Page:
September 14, 2018

Opportunity to Influence NSF Priorities: NSF 2026 Idea Machine

The National Science Foundation is encouraging researchers, the public, and other interested stakeholders to contribute to NSF’s mission to support basic research and enable new discoveries that drive the U.S. economy, enhance national security, and advance knowledge to sustain U.S. global leadership in science and engineering.

The NSF 2026 Idea Machine is a competition to help set the U.S. agenda for fundamental research in science and engineering. Participants can earn prizes and receive public recognition by suggesting the pressing research questions that need to be answered in the coming decade, the next set of “Big Ideas” for future investment by NSF. Submit entries by October 26, 2018.

September 13, 2018 CALmessages notice: Opportunity to influence future NSF priorities: The NSF 2026 Idea Machine

September 04, 2018

NIH Delays Implementation of Revised Definition of a Clinical Trial and Associated Requirements

The National Institutes of Health has issued Delayed Enforcement and Short-Term Flexibilities for Some Requirements Affecting Prospective Basic Science Studies Involving Human Participants (NOT-OD-18-212) delaying the implementation of its revised definition of a clinical trial and associated requirements until September 24, 2019.

During the interim period:
  • NIH will delay enforcing that investigators register and report their studies in Note: Basic research studies involving human participants are still expected to register and report their studies through portals other than
  • NIH has instituted a period of leniency for applications submitted to the incorrect funding opportunity announcement (FOA) based on study-type designation (e.g., clinical trials required, clinical trials optional, clinical trials not allowed). NIH will not administratively reject any applications submitted to an incorrect study-type FOA, and applications will be reviewed based on the review criteria of the FOA to which they are submitted.
  • NIH will expect clinical trials that do not meet the definition of a prospective basic science study involving human participants to continue to comply fully with the clinical trials policies.
NIH also will assess its approach to registration and reporting for these studies and seek feedback from the research community on its registration and reporting requirements. NIH will continue to expect all personnel involved in the conduct, oversight, or management of prospective basic research studies involving human participants to obtain Good Clinical Practice (GCP) training.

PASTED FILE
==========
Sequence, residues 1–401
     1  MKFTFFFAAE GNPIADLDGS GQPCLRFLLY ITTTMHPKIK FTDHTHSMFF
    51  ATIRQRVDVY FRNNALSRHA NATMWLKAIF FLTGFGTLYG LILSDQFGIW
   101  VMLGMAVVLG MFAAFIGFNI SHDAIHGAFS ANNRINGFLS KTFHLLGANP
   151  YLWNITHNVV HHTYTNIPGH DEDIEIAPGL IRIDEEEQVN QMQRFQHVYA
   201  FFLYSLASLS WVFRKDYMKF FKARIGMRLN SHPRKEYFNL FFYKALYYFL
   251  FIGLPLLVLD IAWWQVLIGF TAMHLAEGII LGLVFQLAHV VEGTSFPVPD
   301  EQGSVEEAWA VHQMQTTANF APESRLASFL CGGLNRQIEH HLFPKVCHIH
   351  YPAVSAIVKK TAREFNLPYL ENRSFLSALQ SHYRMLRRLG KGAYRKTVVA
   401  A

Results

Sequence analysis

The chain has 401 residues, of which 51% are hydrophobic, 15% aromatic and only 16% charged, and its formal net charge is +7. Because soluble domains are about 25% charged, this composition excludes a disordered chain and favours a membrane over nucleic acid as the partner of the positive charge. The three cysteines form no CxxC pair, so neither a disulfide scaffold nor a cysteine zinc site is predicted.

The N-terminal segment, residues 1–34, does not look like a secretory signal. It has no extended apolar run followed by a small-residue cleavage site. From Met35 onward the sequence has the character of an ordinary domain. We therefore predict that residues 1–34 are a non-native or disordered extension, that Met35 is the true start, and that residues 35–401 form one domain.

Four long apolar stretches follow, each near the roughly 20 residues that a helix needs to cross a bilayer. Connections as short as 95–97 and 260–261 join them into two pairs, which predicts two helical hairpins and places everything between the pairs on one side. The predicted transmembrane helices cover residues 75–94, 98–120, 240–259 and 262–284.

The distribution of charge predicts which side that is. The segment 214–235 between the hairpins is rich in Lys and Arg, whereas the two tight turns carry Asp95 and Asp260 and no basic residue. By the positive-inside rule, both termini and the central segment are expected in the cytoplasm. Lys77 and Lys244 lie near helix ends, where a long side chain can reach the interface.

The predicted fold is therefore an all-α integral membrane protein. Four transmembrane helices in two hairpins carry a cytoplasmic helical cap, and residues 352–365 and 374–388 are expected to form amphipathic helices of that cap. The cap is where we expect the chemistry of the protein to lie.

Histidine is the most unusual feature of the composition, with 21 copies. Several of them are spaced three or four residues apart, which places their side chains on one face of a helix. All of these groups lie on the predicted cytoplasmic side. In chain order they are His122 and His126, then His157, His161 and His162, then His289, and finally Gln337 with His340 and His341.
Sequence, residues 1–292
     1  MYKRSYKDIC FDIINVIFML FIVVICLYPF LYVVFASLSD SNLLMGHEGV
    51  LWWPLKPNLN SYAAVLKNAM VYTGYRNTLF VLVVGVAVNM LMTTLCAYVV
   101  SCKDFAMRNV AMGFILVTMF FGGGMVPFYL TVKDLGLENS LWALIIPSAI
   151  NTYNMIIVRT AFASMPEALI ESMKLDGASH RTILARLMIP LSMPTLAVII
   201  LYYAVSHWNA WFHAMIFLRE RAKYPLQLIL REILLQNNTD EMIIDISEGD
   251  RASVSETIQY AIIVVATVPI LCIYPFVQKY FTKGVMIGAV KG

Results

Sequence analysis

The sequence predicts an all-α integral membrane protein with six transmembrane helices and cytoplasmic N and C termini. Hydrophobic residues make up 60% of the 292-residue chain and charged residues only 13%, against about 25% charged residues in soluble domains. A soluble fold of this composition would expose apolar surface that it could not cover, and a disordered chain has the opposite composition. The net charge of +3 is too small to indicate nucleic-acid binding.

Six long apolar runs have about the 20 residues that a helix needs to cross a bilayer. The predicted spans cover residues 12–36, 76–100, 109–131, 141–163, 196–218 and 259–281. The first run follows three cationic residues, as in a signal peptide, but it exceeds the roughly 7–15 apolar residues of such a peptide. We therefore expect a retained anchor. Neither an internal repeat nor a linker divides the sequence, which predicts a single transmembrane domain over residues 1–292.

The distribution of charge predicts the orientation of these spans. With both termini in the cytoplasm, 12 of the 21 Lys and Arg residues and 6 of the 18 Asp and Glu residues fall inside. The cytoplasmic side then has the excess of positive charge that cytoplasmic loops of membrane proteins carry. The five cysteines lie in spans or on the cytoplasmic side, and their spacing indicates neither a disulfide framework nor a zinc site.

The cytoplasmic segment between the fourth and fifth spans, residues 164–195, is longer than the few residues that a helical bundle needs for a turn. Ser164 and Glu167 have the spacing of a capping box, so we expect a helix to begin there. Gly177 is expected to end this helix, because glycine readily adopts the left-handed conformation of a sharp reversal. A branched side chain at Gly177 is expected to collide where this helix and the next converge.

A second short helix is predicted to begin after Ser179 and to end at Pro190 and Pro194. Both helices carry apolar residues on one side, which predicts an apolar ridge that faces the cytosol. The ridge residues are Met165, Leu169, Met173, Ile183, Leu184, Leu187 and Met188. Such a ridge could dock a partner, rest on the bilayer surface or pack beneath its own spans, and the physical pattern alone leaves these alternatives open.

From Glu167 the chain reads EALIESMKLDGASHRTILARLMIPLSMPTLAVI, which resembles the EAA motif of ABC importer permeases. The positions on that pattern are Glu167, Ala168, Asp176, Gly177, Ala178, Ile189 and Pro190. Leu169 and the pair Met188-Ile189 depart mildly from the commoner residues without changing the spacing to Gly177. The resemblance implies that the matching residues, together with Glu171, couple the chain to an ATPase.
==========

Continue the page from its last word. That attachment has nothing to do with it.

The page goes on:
NIH also plans to issue FOAs specifically for prospective basic science studies involving human participants. These FOAs are anticipated to be published in November 2018 with due dates beginning January 25, 2019. Therefore, those submitting on or after the February 2019 due dates will have FOAs specifically designed for these prospective basic science studies with humans.

July 18, 2018

CPHS Policy for the Revised Federal Policy for the Protection of Human Subjects

The U.S. Department of Health and Human Services (HHS) and 16 other federal departments and agencies have issued a Final Rule to delay for an additional six months the general compliance date for changes recently made to the revised Federal Policy for the Protection of Human Subjects (also known as the Common Rule – 45CFR46) making the general compliance date of the 2018 Requirements now effective on January 21, 2019.


This policy was originally promulgated as a Common Rule in 1991, and was revised on January 19, 2017 (82 Fed. Reg. 7149) (the revised Common Rule is also known as the “2018 Requirements”). The effective and general compliance date for the 2018 Requirements was delayed to July 19, 2018 by an interim final rule that was published on January 22, 2018 (83 Fed. Reg. 2885). Subsequently, a Notice of Proposed Rulemaking (NPRM) was published on April 20, 2018 (83 FR 17595), which proposed an additional six-month delay for the general compliance date for the 2018 Requirements making the general compliance date of the 2018 Requirements final and now effective on January 21,2019.